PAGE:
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The growth of the Internet is one of the most exciting developments in the life of our culture today. But by and large, the nation's major philanthropic foundations have not been part of it.
The Net was built with federal funds, initially as a Defense Department project, and it now connects computer networks around the world. The federal government is withdrawing its financing, and private organizations are now taking over the Net's operations. Universities are probably more thoroughly wired than any other type of institution, corporations are commercializing the Net, and many government agencies are going online. Newt Gingrich, in fact, seems to be competing with Al Gore to lead the charge into cyberspace. Both the House and the White House now have "home pages" on the World Wide Web -- the mushrooming, "hyperlinked" part of the Internet that Bill Gates, Microsoft's founder, has recently put at the center of his plans for expansion.
Compared with universities, corporations, and government, foundations have been slow to respond to the new possibilities of the Internet. I am not referring primarily to the financing of Internet projects but to the absence of foundations from the Net. I recently called the 10 largest U.S. private foundations -- Ford, W. K. Kellogg, J. Paul Getty, Robert Wood Johnson, Pew, John D. and Catherine T. MacArthur, Lilly Endowment, Rockefeller, Andrew W. Mellon, and Robert W. Woodruff -- to ask them a series of questions:
Do they post their annual reports, guidelines for proposals, or any other documents on the Internet?
Do they have an Internet domain?
Do they have a site on the World Wide Web?
Many of the big foundations have supported worthwhile projects that make use of computer networks or analyze their implications for government or society. The foundations just don't much use the Net themselves.
And therein lies a problem -- or rather three problems. First, the foundations have a responsibility to make their guidelines and reports widely available and respond to legitimate inquiries. At modest cost, the Internet would help fulfill that responsibility. For much of the academic and business world, computer networks have become the central arteries of communication. If the foundations don't participate, they miss opportunities for dissemination, discussion, and intelligence-gathering.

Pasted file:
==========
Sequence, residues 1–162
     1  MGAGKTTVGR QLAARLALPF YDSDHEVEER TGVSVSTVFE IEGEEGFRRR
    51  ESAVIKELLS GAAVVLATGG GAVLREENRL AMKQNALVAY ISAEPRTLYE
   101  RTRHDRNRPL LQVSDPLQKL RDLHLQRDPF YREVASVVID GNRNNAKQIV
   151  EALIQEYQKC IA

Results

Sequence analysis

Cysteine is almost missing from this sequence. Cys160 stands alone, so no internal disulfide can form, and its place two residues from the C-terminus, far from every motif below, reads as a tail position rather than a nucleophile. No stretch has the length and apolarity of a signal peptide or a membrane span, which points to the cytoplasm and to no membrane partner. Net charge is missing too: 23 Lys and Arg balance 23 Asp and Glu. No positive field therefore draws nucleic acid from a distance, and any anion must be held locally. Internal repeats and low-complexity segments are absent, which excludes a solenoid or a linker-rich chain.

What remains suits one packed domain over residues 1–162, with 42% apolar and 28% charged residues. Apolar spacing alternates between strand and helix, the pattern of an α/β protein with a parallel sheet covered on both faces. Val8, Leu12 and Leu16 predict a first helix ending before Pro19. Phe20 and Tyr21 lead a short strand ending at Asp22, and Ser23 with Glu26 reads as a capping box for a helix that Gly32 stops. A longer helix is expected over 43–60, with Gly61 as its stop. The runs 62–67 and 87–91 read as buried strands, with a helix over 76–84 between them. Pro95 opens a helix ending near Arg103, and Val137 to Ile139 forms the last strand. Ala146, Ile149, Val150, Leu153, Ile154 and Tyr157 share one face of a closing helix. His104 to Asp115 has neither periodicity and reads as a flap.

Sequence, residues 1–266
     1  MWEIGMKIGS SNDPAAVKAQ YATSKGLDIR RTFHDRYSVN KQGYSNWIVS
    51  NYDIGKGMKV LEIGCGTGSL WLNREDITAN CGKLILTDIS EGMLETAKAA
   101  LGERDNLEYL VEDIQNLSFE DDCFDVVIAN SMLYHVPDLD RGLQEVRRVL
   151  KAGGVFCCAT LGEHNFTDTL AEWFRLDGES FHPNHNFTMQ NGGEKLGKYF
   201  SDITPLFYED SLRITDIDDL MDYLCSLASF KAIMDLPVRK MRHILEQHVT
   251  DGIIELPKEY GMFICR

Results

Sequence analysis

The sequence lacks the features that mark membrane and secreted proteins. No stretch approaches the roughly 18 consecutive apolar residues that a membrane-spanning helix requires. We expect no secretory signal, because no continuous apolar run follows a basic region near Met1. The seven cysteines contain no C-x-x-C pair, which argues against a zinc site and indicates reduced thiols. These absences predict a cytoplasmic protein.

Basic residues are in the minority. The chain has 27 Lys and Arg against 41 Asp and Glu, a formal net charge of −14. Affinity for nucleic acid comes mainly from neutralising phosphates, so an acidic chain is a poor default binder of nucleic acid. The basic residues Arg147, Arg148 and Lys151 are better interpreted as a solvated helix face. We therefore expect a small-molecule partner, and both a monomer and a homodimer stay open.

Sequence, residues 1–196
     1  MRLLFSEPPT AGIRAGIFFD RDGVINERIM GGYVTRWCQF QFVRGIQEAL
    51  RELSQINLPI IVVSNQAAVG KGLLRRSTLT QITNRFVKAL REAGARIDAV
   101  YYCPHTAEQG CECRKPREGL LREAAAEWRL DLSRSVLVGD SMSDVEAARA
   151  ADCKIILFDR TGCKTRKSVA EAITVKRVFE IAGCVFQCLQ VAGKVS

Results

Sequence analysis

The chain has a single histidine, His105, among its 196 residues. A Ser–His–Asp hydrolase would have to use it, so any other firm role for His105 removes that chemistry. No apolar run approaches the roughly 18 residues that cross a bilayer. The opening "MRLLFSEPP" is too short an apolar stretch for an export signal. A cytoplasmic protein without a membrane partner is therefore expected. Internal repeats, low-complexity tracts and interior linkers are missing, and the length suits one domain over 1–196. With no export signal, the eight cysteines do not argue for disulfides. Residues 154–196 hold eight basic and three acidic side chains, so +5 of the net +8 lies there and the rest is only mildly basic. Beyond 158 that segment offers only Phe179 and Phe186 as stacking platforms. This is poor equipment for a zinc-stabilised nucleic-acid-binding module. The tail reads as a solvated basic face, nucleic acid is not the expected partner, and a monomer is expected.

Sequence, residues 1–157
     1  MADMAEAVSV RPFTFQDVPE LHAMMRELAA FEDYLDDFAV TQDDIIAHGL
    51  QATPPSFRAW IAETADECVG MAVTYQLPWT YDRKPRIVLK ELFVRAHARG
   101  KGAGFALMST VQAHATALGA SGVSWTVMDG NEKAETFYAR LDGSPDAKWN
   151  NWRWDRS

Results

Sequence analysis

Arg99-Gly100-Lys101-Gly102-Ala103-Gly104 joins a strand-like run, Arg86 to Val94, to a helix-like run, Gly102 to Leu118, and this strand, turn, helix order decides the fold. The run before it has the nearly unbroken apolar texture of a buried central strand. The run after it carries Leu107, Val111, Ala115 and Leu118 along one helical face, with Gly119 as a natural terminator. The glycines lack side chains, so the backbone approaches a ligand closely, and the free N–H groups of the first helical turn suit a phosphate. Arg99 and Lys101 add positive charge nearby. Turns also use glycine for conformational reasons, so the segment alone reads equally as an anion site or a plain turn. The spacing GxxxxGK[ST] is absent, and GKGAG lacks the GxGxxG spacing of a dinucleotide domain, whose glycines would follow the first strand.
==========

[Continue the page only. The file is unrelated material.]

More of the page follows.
Second, the foundations could use the Internet to communicate with grantees, encouraging them to master the new technology.
Third, people who do not use the new electronic communications methods generally do not have a strong grasp of their potential. Foundations need to adopt the new technologies of communication in part to educate themselves about developments that will deeply affect their own grant programs. In particular, the growth of the World Wide Web promises to transform whole areas of our culture, but thus far some of the major foundations seem almost entirely unaware of it.
The explanation for this lag in response cannot be the cost. For the 10 largest foundations in the United States, the expense of establishing Gopher and Web servers and posting reports and other publications would be trivial. (Doing the internal wiring of their offices and training their staff members are more expensive.) More likely, foundations have been slow to go on line because they do not have strong incentives to do so. Many businesses have adopted electronic communication when their suppliers or customers insisted on it; for example, virtually all pharmacies in the United States are wired because the big pharmaceutical distributors effectively required them to do it. Other businesses are now moving on to the Internet for fear of losing customers and market share.